ChoraChori’s response to the Nepal earthquake of 2015
Today is the second anniversary of the Nepal earthquake that killed 9,000 people and left hundreds of thousands homeless. But there was a less obvious consequence of this disaster and to a second earthquake that followed in May 2015. Hundreds of children fled the destruction and chaos to seek a better life in India while child trafficking spiked. Sadly, for the child migrants too often this became a case of “out of the frying pan, into the fire”. The Indian authorities picked up many children and effectively imprisoned them in squalid “children’s shelters”. And two years on most children who left Nepal are still missing.
Rescuing Nepali kids
Since August 2015 ChoraChori has been unique in sending rescue teams into India to find Nepal’s lost children and bring them home. So far we’ve rescued 105 children including 33 in one operation last month. We have been successful in our Aim of returning children to their families. Only 32 returnees are still in our care while we continue their rehabilitation. That’s because we are finding some children have returned with a legacy of mental trauma of a scale that is unprecedented in our work. We are having to manage little boys who have been diagnosed as being at risk of suicide. One girl in her early teens spent a year locked up in a brothel.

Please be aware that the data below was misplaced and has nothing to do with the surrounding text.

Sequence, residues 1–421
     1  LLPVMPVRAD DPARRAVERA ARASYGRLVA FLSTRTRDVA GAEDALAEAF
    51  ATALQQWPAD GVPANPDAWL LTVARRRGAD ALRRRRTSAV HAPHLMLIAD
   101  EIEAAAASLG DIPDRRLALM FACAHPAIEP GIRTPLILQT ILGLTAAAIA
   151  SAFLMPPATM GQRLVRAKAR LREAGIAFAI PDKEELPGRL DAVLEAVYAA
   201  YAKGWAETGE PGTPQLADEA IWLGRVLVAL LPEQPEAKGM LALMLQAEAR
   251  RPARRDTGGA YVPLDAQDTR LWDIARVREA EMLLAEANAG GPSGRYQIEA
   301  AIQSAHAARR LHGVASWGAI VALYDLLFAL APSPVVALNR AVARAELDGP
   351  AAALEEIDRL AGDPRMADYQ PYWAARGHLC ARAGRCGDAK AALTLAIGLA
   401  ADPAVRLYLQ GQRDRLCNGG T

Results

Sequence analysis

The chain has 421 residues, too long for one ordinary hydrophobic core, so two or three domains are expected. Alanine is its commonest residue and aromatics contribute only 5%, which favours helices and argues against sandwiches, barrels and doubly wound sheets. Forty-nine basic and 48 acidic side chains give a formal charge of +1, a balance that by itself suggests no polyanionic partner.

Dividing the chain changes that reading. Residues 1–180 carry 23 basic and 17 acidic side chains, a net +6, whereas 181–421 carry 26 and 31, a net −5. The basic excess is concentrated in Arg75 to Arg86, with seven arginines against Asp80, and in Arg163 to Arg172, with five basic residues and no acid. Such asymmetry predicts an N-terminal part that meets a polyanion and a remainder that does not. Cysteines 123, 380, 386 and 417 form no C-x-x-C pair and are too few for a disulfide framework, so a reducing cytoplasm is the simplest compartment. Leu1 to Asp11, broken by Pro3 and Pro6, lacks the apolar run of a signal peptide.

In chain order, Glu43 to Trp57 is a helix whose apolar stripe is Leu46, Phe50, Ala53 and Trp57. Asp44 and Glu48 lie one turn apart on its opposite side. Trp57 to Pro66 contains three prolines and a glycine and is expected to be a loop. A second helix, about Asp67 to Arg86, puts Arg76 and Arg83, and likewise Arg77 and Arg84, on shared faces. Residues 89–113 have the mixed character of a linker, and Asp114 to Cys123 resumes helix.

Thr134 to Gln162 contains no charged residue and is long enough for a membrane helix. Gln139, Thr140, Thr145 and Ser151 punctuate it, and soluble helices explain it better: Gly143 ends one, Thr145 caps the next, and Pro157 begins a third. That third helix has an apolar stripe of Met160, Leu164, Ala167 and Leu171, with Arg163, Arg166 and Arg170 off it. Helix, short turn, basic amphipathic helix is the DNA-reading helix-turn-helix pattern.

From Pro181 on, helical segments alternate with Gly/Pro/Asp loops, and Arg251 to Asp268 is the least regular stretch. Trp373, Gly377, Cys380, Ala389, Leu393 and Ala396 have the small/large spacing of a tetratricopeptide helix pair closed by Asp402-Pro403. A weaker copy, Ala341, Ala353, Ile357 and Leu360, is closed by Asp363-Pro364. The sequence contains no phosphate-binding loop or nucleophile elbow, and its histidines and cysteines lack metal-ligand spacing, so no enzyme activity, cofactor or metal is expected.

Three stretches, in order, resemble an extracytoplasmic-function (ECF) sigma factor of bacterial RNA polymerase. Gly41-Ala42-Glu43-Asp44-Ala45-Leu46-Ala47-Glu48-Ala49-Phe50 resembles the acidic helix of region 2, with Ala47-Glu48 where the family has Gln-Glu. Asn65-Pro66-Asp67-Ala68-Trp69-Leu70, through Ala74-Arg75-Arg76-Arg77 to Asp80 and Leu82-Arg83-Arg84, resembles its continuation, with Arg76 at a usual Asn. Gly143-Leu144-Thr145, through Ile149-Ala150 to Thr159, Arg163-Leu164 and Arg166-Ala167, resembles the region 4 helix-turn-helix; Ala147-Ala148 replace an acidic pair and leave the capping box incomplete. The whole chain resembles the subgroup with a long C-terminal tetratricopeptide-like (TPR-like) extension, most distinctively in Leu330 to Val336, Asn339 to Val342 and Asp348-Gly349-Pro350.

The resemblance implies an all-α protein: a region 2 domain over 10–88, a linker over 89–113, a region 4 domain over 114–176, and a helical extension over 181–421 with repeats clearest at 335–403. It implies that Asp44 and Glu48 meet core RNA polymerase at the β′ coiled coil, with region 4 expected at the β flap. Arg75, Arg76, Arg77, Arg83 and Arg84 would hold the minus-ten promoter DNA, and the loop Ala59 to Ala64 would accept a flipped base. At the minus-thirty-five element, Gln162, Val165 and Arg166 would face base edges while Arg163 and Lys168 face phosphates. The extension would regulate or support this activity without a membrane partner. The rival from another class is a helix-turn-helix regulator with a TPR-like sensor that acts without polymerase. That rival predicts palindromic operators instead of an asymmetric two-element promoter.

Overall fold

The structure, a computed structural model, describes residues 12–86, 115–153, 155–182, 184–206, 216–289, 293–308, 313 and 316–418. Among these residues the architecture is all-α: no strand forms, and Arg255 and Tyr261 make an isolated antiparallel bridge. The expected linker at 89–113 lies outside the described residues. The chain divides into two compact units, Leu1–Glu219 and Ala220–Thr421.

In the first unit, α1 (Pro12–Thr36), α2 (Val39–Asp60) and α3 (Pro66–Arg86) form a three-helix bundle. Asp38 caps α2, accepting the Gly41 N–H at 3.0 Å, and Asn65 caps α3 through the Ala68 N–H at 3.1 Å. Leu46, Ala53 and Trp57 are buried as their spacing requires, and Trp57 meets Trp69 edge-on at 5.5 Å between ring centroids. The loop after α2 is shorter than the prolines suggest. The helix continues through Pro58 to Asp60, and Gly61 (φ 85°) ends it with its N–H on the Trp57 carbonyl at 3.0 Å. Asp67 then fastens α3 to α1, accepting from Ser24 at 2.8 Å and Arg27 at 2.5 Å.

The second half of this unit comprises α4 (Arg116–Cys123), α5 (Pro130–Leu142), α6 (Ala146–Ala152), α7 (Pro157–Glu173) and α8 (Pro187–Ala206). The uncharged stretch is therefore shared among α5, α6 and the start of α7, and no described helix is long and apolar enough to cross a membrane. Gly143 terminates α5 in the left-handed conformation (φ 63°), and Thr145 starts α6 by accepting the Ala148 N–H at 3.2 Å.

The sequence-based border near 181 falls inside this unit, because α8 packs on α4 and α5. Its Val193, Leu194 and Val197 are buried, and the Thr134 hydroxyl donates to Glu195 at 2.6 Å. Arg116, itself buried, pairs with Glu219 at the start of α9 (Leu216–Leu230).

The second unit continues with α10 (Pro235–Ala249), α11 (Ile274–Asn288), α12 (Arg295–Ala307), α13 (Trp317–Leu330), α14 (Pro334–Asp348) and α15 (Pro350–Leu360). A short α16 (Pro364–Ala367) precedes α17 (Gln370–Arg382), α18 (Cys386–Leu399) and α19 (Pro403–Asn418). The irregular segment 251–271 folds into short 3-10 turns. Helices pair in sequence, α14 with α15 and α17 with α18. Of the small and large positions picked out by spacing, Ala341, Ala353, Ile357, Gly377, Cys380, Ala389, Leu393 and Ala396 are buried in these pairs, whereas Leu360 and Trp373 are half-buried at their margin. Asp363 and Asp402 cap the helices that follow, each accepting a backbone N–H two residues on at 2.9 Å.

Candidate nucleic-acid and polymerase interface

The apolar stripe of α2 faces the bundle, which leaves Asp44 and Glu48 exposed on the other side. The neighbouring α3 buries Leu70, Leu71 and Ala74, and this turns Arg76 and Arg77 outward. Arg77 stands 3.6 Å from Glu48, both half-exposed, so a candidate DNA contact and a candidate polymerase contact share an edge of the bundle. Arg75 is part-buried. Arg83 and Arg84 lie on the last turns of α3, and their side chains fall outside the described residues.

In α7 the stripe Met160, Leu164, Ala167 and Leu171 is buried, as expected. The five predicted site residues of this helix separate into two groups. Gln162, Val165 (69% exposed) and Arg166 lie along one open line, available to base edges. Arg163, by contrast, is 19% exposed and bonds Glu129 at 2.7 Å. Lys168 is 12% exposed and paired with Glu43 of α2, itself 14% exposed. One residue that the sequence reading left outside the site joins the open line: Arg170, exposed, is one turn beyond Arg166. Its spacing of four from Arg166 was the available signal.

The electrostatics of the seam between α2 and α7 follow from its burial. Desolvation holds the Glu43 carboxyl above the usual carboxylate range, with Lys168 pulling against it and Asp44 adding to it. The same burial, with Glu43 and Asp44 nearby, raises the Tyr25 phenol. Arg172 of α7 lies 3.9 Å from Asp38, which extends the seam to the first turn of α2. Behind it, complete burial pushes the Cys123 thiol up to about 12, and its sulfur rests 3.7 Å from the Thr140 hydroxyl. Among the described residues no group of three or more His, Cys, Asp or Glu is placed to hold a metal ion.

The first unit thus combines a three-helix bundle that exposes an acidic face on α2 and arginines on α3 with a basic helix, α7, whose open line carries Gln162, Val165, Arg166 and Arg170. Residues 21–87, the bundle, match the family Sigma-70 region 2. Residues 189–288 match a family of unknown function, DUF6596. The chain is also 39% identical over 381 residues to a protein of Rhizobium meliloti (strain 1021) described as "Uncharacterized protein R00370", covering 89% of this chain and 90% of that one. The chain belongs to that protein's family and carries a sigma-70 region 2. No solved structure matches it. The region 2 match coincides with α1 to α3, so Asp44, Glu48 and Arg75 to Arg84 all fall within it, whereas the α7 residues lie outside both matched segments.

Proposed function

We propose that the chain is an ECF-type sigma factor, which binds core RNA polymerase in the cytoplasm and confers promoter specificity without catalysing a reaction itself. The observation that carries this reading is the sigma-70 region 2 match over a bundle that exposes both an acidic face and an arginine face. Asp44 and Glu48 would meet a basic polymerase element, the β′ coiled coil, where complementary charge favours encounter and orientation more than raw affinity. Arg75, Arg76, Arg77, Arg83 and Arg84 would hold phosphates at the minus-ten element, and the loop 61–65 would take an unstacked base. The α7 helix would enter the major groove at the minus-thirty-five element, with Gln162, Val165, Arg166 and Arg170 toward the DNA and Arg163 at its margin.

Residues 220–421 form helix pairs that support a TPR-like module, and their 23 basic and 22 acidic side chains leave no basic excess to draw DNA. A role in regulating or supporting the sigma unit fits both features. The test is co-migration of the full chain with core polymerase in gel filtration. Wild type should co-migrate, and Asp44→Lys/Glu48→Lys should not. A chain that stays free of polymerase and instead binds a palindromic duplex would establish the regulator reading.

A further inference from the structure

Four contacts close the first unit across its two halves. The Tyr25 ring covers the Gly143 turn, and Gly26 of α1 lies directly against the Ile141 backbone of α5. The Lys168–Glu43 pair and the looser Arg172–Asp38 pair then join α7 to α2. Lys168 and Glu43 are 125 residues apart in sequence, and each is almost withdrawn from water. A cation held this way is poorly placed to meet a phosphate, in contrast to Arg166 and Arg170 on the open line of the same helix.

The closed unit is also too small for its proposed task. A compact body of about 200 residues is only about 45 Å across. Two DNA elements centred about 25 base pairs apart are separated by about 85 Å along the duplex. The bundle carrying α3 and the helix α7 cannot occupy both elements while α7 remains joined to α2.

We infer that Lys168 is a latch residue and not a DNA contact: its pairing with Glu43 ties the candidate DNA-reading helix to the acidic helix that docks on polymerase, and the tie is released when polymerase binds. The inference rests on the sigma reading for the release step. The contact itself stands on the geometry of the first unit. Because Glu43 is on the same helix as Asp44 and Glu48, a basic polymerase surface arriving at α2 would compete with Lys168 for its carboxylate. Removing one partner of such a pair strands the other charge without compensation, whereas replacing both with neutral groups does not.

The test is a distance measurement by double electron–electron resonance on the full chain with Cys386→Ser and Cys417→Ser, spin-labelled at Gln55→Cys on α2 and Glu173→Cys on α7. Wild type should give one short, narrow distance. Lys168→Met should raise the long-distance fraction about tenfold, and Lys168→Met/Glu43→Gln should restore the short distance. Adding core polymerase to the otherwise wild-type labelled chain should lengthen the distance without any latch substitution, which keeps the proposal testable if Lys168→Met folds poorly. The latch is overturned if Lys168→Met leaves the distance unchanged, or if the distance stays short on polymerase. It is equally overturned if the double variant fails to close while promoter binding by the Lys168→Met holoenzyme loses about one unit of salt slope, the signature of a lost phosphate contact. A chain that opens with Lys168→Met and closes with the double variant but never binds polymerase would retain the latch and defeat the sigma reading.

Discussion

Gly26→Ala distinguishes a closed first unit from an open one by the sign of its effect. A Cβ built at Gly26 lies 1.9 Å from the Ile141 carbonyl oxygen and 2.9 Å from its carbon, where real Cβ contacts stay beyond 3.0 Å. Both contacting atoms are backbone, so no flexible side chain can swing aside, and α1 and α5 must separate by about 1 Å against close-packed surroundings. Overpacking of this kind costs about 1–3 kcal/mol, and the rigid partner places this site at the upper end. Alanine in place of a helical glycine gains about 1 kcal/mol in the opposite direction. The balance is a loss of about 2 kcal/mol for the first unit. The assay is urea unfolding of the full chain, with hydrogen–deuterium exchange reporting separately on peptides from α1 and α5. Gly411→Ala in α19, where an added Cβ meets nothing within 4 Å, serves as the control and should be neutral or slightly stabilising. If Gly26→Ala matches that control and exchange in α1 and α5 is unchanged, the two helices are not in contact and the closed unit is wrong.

Our GlobalGiving campaign
To meet the need ChoraChori has built a child trauma management centre collocated with our Kathmandu refuge. We funded this capital project entirely through the “Taking the High Road” cycle challenge last year. Now we aim to launch the childcare programme through an online appeal using the GlobalGiving platform. To mark the second anniversary of the Nepal earthquake, GlobalGiving will be matching all online donations at 50%. In other words a £10 gift becomes £15 – or equivalent in any major currency – up to a maximum donation of £800 (i.e. US$1,000). The campaign went live at 2 p.m. UK time today. There is an added incentive for participating charities: GlobalGiving will also be awarding two prizes of £800 in the first 24 hours of the challenge. One will be for the most funds raised and the other for the most individual donors.